Unscreened Soil vs. Screened Soil vs. Garden Mix: What to Choose for Your Southern Alberta Project
When selecting soil for your landscaping project, you might be tempted to reach for the first option you see or head to the sale section to grab whatever is on clearance.
Soil is soil, right?
There’s actually a great deal of variety when it comes to soil, and selecting the best type for your project is incredibly important. Unscreened soil, screened soil, and garden mix are three common options with unique properties. Understanding their differences can save you time, money, and a headache in the long run.
Local climate and conditions play a big role when selecting soil. What would work well in Lethbridge, a place known for windy and dry conditions, might not be a good choice for a rainier city.
By the end of this post, you will know what makes unscreened topsoil, screened topsoil, and garden mix distinct from each other. You will also be able to make informed decisions on what projects each would be best suited for a Southern Alberta climate.
BUT FIRST… WHAT IS SOIL?
It might seem like a basic question, but understanding what soil actually is will help you make informed decisions about what type to use in your garden or yard.
The contents in soil vary from type-to-type, but you will typically find a combination of organic and inorganic materials.
- Other microorganisms
Together, organic and inorganic materials create an ecosystem that is rich in nutrients and ideally-suited for gardening and landscaping projects.
The contents of your soil impact moisture-retention, drainage, root development, and pH levels, just to name a few. For projects big and small, these factors play an important role in the health of your vegetation and the stability of your foundation.
By investing a small amount of time in learning the basics about soil, you can better pair different soil types to your projects.
TOP SOIL 101
Top soil is made from a mixture of clay, sand, silt, and organic matter. Like the name suggests, it is the upper layer of natural soil, putting it in direct contact with insects, plant decay, fungi, and other surface microorganisms. The result of this proximity is a soil with a high amount of nutrients and organic matter.
Top soil can be screened or unscreened, which is an important consideration for your project.
Screened soil is a type of top soil that has had materials such as rocks, bark, roots, and other debris removed. The process of screening soil ensures you retain the nutrients that make it beneficial for plant growth without the extra bulk that you might not want.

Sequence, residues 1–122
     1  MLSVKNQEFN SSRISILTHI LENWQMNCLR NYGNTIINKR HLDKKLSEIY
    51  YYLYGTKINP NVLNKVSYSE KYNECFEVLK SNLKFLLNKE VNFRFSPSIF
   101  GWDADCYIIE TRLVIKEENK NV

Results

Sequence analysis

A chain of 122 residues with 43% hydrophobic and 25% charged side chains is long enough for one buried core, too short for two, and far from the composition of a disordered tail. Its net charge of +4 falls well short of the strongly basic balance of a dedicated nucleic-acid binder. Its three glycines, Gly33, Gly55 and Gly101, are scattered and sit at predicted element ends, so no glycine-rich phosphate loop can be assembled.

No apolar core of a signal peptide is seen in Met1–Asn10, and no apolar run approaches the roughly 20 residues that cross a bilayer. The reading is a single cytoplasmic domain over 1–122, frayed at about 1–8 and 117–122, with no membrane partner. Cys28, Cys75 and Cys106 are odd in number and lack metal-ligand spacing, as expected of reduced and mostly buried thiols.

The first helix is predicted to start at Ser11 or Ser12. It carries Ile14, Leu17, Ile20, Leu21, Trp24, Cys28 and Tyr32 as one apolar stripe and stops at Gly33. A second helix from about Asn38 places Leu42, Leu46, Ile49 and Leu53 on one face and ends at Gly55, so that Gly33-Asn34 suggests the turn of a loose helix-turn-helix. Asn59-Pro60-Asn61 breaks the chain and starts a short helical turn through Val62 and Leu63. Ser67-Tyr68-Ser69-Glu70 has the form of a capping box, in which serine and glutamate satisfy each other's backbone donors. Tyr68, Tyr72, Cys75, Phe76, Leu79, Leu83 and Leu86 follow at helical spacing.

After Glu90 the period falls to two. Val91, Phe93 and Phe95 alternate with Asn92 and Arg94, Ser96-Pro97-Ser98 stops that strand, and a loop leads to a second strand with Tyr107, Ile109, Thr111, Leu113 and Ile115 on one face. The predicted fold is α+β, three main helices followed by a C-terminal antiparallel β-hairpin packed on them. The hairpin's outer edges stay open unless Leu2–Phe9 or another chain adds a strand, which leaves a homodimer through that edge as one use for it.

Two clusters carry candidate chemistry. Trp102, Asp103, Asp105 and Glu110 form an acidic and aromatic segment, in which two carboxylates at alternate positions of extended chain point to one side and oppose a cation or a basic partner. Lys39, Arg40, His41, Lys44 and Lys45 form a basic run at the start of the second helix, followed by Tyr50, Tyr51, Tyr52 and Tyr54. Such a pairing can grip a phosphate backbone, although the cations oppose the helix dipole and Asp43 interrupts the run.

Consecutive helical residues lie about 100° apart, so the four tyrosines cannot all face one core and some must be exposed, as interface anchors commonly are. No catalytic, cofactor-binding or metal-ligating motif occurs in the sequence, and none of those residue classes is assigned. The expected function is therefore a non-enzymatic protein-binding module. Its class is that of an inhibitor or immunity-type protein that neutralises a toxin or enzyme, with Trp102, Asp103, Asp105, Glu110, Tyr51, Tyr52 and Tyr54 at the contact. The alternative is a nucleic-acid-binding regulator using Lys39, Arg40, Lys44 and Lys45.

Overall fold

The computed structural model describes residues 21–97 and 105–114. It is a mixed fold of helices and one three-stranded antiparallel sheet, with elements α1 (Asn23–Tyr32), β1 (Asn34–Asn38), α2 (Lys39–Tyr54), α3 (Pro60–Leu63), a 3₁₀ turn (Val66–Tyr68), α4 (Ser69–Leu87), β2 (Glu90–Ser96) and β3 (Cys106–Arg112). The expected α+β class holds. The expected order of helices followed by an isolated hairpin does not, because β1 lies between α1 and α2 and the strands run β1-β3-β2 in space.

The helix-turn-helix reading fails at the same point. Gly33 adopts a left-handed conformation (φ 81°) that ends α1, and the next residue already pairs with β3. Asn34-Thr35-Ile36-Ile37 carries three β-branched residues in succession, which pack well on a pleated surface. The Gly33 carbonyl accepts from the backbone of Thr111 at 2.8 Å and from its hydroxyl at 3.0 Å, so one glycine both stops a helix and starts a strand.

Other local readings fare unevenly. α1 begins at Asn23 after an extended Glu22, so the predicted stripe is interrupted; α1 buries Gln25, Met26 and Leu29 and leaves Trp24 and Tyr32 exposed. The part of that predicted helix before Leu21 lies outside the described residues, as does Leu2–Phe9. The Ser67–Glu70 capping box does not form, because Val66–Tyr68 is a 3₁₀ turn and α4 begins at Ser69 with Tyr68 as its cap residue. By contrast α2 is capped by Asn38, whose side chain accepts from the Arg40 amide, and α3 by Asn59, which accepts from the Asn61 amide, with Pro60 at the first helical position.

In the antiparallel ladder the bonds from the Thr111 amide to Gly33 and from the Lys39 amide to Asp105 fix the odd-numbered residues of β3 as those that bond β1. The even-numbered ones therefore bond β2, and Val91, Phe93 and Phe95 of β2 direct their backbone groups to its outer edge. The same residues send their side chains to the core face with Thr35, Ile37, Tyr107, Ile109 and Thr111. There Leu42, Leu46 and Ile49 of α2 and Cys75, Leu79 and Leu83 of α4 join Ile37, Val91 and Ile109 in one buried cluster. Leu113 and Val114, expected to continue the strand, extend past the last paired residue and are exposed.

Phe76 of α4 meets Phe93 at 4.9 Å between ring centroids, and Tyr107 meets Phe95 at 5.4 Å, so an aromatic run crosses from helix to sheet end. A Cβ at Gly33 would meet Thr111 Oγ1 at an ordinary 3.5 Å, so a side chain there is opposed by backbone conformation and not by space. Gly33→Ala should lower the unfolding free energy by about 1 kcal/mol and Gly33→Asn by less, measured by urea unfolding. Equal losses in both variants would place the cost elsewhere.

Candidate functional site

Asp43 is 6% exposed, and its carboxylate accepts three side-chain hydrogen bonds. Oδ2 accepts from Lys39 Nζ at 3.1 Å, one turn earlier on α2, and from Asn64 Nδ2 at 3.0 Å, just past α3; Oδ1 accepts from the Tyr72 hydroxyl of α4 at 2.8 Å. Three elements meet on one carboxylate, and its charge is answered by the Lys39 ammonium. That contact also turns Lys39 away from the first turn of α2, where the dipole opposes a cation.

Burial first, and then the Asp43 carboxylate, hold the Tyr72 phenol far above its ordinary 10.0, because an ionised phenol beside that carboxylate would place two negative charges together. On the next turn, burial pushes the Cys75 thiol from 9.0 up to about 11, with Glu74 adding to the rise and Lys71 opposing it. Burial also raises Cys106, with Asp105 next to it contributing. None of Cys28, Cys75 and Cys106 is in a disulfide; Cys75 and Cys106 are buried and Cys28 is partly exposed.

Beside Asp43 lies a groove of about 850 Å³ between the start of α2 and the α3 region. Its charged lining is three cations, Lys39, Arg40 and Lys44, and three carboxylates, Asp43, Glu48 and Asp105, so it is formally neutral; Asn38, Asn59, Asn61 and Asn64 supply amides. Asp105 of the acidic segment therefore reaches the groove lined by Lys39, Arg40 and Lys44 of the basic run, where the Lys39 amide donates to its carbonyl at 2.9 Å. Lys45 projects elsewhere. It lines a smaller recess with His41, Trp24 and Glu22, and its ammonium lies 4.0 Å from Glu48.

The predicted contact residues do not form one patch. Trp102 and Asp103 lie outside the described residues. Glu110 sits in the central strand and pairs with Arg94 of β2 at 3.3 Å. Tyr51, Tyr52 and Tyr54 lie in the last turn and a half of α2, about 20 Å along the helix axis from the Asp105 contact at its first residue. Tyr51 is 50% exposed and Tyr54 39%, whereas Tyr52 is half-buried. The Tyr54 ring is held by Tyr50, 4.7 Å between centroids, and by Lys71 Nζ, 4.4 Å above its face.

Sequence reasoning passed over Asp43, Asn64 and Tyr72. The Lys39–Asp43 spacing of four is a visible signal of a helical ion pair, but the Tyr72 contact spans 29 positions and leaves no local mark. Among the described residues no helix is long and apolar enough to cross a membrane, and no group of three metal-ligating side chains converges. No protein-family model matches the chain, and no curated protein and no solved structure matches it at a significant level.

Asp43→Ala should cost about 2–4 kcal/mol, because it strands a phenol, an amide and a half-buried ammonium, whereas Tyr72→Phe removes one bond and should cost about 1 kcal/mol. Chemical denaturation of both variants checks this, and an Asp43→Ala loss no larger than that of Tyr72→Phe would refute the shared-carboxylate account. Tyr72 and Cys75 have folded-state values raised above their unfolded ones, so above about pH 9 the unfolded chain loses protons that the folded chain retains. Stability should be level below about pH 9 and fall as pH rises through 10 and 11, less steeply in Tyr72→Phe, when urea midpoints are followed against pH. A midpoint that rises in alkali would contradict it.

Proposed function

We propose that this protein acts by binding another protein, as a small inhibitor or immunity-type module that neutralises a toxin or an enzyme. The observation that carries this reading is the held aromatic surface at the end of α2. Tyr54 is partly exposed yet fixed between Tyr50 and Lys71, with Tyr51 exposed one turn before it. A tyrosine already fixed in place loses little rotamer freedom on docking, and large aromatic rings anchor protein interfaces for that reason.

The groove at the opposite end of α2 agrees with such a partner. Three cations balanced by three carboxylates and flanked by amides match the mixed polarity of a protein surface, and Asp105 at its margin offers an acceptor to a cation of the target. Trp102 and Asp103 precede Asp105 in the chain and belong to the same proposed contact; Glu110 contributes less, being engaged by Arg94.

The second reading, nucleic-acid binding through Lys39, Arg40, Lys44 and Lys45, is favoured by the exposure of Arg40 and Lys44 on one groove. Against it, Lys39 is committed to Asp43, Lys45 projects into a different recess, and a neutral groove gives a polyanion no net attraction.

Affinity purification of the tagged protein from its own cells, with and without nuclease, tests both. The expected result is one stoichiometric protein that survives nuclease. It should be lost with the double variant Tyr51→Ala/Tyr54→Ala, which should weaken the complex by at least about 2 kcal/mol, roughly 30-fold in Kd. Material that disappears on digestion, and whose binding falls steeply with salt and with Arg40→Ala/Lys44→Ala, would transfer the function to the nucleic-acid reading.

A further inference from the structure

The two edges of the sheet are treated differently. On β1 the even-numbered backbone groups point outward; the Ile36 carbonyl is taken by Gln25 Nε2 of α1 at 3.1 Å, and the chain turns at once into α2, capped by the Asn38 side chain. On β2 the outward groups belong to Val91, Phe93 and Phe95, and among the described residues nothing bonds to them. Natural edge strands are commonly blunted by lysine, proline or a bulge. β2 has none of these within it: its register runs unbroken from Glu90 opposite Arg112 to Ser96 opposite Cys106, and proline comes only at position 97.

Screened topsoil is a good choice for projects that maximize its nutrient-rich composition to encourage plant or vegetation growth. Examples include:
- Improving your lawn
- Flower beds
Since it is more finely distributed, screened soil does a great job of draining water and regulating moisture.
Unscreened soil has not had these bulky materials removed, meaning it will have a higher concentration of natural debris. You will likely find materials such as bark, rocks, and roots when using this soil.
That said, unscreened soil is still a nutrient-rich option, but the bulkier texture means that these nutrients are not as evenly distributed as they would be with screened soil.
Unscreened soil is best-suited for projects where it can act as a support to the growth or design of your space. Examples include:
- Foundation or base of a garden
- Installing landscape fixtures
Since it has not been as thoroughly filtered, unscreened topsoil is typically more affordable than screened soil.
WHAT ABOUT GARDEN MIX?
Garden mix is top soil that has been enriched with materials that increase the soil’s nutrient contents, such as compost, peat, vermiculite, or perlite.
Like the name suggests, garden mix is a popular choice for gardening projects. Projects you’d want garden mix for include:
- In-ground gardens
- Raised garden beds
Garden mix is often combined with other soils, such as potting soil or soil already in your garden, to improve the overall health of the ecosystem.
HOW TO KNOW WHAT’S RIGHT FOR YOU
Choosing soil that is suited for your goals is an important part of any landscaping or gardening project. Soil choice can impact how your vegetation grows, the types of pests you deal with, or any water-retention issues you may encounter.
It isn’t uncommon to use more than one type of soil for certain projects. By combining different soil types, you can refine the soil’s properties and create a mix that works for the region you’re in.
If you’re unsure, garden centres and landscaping businesses can point you in the right direction.